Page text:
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Organisers urged to change schedule

Shadow sports minister Clive Efford has urged organisers of the 2015 World Cup to reconsider the 8pm kick-off times allocated to all four of England's group matches.

Concerns have been raised that supporters travelling from outside the south east will struggle to attend the three Pool A games being staged at Twickenham.

While England 2015 has stressed that transport planning is already under way, the familiar congestion encountered when departing Twickenham is expected to be amplified by the late kick-offs.

Travelling by car or incurring extra accommodation costs will be the only options available to fans.

Rugby Football Union chairman Bill Beaumont has defended the 8pm scheduling by claiming the "true England supporter will want to come because they want to be part of a World Cup," but Efford disagrees.

"I do have sympathy with fans who object to 8pm kick-offs at Twickenham and they should be listened to," Efford told Press Association Sport.

"I hope it's not too late to look at the times again because we're still two years away from the World Cup.

"I would urge them to do so (change the kick-off times) if at all possible. Clearly people will find it difficult to get away.

"Not every fan will come from London, they'll come much farther afield and you don't want to exclude those people because of the late kick-off times.

"If you've been to Twickenham and had to queue to get the train, you know what it's like getting away.

"It will be a very long time before many fans are even on the train and that can't be right.

"If fans are saying it's going to make it difficult to travel to and from the venue at that time of day, we should listen to them and set reasonable times.

"It's the fans in the crowd that create the atmosphere. If there wasn't a great atmosphere in the stadium, then sport would be very tedious on TV."

Efford continues to voice strong support for England 2015's pursuit of legislation to outlaw the unauthorised resale of World Cup tickets to prevent fans being exploited by touts.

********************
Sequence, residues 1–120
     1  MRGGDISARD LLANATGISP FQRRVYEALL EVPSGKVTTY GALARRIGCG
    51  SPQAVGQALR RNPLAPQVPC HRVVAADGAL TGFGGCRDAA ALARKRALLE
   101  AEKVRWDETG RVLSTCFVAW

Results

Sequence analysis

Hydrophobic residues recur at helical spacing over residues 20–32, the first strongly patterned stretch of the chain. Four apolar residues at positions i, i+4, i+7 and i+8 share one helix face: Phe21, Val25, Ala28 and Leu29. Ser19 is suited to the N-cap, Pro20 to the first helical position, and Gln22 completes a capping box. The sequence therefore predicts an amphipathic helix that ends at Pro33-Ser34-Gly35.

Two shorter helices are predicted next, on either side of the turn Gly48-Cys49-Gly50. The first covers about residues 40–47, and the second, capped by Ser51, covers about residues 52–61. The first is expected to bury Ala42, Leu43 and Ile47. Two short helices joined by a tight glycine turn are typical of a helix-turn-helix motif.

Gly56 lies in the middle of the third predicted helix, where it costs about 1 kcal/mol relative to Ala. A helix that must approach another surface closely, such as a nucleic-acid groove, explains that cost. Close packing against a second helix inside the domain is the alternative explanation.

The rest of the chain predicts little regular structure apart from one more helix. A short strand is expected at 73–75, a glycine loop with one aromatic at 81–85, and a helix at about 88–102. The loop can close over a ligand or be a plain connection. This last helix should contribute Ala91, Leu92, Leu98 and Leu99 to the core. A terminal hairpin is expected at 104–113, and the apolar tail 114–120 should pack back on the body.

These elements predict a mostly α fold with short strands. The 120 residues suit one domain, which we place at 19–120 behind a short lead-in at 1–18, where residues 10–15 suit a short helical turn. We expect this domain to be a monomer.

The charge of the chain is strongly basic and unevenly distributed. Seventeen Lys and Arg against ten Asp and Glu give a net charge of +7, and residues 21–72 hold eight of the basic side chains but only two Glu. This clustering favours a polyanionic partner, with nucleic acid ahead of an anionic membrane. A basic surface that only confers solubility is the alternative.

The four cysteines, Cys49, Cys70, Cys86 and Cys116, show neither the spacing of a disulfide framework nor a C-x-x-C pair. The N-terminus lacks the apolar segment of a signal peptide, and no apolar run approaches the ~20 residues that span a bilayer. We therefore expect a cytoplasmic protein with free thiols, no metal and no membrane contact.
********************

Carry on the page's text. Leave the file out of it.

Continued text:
To date the Government has rejected the idea even though similar protection that was introduced for London 2012 was deemed a success.

Efford views objections to the legislation for the World Cup as inexplicable and has tabled an early day motion in Parliament that to date has been signed by 28 MPs.

"If we don't have this protection, organised gangs of touts with all the technology at their disposal will hoover up as many tickets as they can," he said.

"By doing that they'll generate a shortage, create higher demand and sell them at higher prices. Genuine fans will be exploited.

"England 2015 is dismayed that the Government has refused to pass the legislation. It makes so sense.

"We're told by police intelligence that some of these touts are part of organised criminal gangs that are part of firearms issues and drug dealing.

"Why would we set up a system that's tailor made to fuel that organised criminal activity? Surely there's a moral obligation here?

"England 2015 were in negotiations with the Government, but when I spoke to them last Friday they were at the end of their tether.

"All diplomatic avenues appear to have closed, so what they're hoping for is the Government will be humiliated into working on this."

England 2015 indicated on Wednesday that they remained hopeful that legislation would be introduced.

The organisers later responded to Efford's concerns by stressing that evening kick-offs have become the norm in sport

"The 8pm kick-off times are not unusual for sporting events in this country," an England 2015 spokeswoman said.

"We believe we have found the balance for the fans in the venues and the TV viewers.

"We consulted with the transport providers before finalising kick-off times and have delivered a balanced and equitable schedule."

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